This will minimize the risk of having to learn the details of a complex procedure for submitting invoices to get paid, allowing business owners to focus on running their business.

Make Sure You Offer ProperInvoice for Proper Payment

Maintaining a steady cashflow is essential for any business to sustain itself. The US government is required by law to pay small and medium-sized businesses (SMBs) in a timely manner for services rendered under contract. The Prompt Payment Act mandates that, if the business has fulfilled its contractual obligations, the government must pay within 30 days of receiving a proper invoice.

However, even with these safeguards, government receivables can be challenging to collect. The 30-day payment period begins only when your invoice is received and deemed proper under the law. If it is not, it will be returned to you within seven days with an explanation of why it was rejected. You will then need to correct it, resubmit it to the government, and begin the 30-day wait again.

The government's policy is to pay all contractors via electronic funds transfer (EFT) whenever possible. To receive payment, your company must be registered correctly in the Central Contractor Registration (CCR) database, which the government uses to process EFT payments.

Failure to be correctly registered in the CCR database will cause the government to delay payment until the correct information is entered. It is your responsibility to keep the information in the CCR database up-to-date and accurate.

Submitting an improperly formatted invoice or failing to be correctly registered in the CCR database can lead to payment delays and disruptions in cash flow.

Solutions for Government Contractors to Avoid Cash Flow Problems

The U.S. Federal Government is the world's largest enterprise and the top purchaser of goods and services worldwide, with a market worth of over $100 billion in sales for small businesses each year. For small and growing businesses, government contracts can be an excellent source of revenue, with many contracts having 3–5-year terms.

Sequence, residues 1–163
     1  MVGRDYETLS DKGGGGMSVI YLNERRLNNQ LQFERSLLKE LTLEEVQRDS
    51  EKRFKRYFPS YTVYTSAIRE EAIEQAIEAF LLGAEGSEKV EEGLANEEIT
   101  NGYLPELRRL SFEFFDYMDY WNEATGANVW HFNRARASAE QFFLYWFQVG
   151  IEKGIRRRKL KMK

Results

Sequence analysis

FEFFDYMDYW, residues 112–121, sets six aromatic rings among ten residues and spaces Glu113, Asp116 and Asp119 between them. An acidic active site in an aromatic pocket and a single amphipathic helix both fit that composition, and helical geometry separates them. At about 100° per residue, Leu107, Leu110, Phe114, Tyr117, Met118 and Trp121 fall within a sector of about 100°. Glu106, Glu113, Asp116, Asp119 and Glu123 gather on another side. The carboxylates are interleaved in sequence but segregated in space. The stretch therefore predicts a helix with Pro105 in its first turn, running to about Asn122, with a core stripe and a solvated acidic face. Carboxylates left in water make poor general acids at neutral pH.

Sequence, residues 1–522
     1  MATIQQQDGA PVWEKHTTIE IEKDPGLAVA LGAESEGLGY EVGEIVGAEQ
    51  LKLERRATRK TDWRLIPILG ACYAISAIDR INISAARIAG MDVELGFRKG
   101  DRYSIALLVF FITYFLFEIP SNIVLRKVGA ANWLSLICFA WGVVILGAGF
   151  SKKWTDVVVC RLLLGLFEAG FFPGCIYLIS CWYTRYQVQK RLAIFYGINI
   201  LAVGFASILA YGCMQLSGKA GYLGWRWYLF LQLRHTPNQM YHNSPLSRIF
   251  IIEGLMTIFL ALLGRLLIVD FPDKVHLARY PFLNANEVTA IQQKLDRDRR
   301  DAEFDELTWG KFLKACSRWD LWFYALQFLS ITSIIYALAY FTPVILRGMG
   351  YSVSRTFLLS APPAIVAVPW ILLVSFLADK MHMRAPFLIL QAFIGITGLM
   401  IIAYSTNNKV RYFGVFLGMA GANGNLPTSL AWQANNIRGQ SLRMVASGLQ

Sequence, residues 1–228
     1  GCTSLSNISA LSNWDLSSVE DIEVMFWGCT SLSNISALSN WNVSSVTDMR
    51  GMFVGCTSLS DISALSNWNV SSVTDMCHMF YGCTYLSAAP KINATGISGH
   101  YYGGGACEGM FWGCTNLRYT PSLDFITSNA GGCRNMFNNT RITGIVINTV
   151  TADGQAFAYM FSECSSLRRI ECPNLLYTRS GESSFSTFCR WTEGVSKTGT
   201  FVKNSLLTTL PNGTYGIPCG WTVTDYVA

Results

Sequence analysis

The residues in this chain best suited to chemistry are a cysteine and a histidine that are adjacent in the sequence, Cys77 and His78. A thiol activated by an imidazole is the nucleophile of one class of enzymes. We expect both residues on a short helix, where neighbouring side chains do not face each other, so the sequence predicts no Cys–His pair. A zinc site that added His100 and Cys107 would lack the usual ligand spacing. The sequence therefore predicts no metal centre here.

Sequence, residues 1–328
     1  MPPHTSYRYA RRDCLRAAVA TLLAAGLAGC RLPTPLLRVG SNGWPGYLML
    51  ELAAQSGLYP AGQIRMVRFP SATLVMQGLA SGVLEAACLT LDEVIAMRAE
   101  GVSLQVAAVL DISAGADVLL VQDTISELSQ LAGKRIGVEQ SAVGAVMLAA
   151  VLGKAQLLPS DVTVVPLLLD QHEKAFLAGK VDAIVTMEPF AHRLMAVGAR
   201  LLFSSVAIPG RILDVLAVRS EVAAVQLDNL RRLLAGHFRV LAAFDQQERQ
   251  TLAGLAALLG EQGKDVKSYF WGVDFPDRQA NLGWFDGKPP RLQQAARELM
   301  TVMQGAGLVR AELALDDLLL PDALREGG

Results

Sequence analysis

However, there are financial challenges associated with servicing these contracts, and cash flow gaps can arise that may hinder the ability to deliver. To address these challenges, small businesses often rely on government contractor financing.

Maintaining reliable cashflow is a top priority for business owners, given the unpredictable nature of government spending. Government contractors must operate in a volatile environment as budget cuts, re-appropriations, and consolidations may occur within the agencies.

Additionally, contractors must be prepared for sudden contract change orders and terminations that can disrupt their operations since the government reserves the unilateral right to redirect priorities. Therefore, business owners must implement a flexible funding strategy that ensures access to working capital.

Invoice factoring is the best financial strategy that provides an ideal financing option for government contractors.

If you are looking for financing and loans for government contractors, look no further than Royale Capital. We analyze your financial situation and offer the best financing option to you to ensure that your business keeps growing and thriving.